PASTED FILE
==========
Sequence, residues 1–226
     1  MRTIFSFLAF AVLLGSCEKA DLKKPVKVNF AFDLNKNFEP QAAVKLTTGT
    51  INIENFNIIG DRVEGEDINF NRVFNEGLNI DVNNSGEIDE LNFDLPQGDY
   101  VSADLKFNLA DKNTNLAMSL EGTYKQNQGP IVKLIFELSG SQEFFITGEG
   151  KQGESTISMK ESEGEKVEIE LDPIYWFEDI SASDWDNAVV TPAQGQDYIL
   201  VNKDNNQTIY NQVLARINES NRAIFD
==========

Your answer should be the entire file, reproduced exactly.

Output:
Sequence, residues 1–226
     1  MRTIFSFLAF AVLLGSCEKA DLKKPVKVNF AFDLNKNFEP QAAVKLTTGT
    51  INIENFNIIG DRVEGEDINF NRVFNEGLNI DVNNSGEIDE LNFDLPQGDY
   101  VSADLKFNLA DKNTNLAMSL EGTYKQNQGP IVKLIFELSG SQEFFITGEG
   151  KQGESTISMK ESEGEKVEIE LDPIYWFEDI SASDWDNAVV TPAQGQDYIL
   201  VNKDNNQTIY NQVLARINES NRAIFD